By Yankuba Jallow
Members of the Gambia Police Force (GPF) detachment in Kerr Mot Hali village have now occupied a piece of land belonging to the former Alkalo’s mother.
This happened in the wake of a subsisting High Court order that the indigenes of Kerr Mot Hali currently in exile in Senegal are Gambians and have a right to come back to The Gambia and occupy their land. The court also declared that these indigenes and each of them at all material times, are the owners and are entitled to possession of their properties situated at Kerr Mot Hali and that it is their right to take their properties at the village that were taken from them compulsorily.
The High Court judgment by Justice Aminata Saho-Ceesay has restrained the Police and the Attorney-General from preventing the people of Kerr Mot Hali from taking possession and occupying their respective properties in the village. It has further restrained them from dealing with, entering or remaining, or alienating or otherwise interfering with the properties situated at Kerr Mot Hali.
Importantly, the people of Kerr Mot Hali are denied access to their farmlands even though the High Court declared them the owners of the farmlands.
“I wanted to farm on my farmland this year but the Njaw Police has warned me not to go anywhere close to my farmland,” Modou Lamin Hassan told Foroyaa in an exclusive interview.
Photo: Modou Lamin Hassan
He explained that he has faced a series of harassment by personnel of the Police Intervention Unit detachment currently occupying their land though the court has ordered that they shouldn’t interfere on their land.
They told this reporter that they are farmers and depend on farming for their livelihood.
Yunusa O.S. Ceesay told Foroyaa that all the people of Kerr Mot Hali are farmers.
“All of them are farmers but for 10 years, they couldn’t access their farmlands. Right now, they do not farm because they don’t have access to land,” he said.
He called on the Government to respect their rights as citizens of The Gambia and to enforce the decision of the High Court. Ceesay intimated that they wouldn’t relent on fighting for their rights.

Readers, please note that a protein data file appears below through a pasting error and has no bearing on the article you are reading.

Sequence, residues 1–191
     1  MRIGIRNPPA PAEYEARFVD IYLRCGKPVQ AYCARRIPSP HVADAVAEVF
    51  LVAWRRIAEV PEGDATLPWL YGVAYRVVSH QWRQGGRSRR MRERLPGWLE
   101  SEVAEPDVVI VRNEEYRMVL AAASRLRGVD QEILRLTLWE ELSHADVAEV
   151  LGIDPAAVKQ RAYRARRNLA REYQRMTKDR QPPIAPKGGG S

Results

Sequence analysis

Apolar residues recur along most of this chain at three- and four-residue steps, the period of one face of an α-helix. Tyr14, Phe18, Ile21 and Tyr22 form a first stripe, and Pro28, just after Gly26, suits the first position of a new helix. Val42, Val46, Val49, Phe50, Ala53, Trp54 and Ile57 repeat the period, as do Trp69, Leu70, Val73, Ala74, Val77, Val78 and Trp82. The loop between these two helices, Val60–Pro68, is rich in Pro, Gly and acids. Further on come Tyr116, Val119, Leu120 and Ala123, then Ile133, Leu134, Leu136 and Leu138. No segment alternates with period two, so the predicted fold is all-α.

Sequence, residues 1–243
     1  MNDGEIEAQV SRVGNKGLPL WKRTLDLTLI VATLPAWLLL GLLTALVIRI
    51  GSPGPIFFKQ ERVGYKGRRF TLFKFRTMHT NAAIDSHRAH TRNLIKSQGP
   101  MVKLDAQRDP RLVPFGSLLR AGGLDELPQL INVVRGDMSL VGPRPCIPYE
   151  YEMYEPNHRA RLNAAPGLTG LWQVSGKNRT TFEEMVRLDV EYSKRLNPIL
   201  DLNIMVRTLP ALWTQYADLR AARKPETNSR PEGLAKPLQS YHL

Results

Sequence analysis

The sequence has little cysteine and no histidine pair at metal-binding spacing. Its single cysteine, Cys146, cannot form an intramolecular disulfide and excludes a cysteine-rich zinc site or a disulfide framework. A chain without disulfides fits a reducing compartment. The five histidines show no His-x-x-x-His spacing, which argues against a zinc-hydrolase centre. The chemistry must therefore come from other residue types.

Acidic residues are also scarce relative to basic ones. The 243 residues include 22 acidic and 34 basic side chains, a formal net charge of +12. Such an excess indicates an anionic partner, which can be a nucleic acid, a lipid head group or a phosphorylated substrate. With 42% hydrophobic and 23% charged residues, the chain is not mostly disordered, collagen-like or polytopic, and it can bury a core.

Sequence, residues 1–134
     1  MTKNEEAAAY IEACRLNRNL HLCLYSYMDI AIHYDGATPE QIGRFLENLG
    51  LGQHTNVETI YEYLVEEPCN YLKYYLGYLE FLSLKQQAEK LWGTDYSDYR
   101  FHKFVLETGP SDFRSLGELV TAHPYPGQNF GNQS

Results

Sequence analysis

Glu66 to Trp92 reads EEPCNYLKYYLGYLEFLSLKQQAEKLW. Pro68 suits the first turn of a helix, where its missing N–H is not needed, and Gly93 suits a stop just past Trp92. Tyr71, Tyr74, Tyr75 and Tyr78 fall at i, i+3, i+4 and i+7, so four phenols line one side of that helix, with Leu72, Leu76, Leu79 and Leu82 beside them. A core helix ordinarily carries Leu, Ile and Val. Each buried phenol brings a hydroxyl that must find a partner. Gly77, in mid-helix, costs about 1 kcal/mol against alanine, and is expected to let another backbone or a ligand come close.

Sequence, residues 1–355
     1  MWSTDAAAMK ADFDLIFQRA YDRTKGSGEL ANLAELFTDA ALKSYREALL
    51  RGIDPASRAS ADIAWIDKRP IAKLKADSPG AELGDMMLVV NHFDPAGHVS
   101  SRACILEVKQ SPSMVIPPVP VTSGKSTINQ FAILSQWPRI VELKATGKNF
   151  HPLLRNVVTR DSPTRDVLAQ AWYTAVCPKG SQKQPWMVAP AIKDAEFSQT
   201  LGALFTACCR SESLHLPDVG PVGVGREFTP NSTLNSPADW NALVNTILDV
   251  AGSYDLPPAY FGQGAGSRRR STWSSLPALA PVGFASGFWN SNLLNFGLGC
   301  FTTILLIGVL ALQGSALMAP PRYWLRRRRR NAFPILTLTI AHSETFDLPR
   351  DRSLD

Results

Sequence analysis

“We went to court and we were given our rights. Now our rights have been restored by the court, why can’t the government enforce it if indeed the democracy it is claiming is true,” he said.
The judgment is yet to be enforced because the Attorney General is delaying the process of the enforcement of the court order.
Kerr Mot Hali is in Upper Saloum District of the Central River Region, a village believed to be founded in the year 1777 by one marabout named Mot Hali.
In the judgment, the Court declared that these people are entitled to assemble and gather in order to practise their religion and to manifest such practice in their religion. It has restrained the authorities from preventing the indigenes of Kerr Mot Hali from practising their religion in the village. It has also declared that the indigenes of Kerr Mot Hali are not to be discriminated by the authorities on account of their religion, culture and tradition and particularly in the practice of their religion and the manifestation of such practice in the village.
When contacted to comment on the occupation of Kerr Mot Hali by the police, the police spokesperson told Foroyaa that he will find out from his authorities and get back to us. Foroyaa would continue to engage him to hear from the police in regard to the involvement of the police in this incident.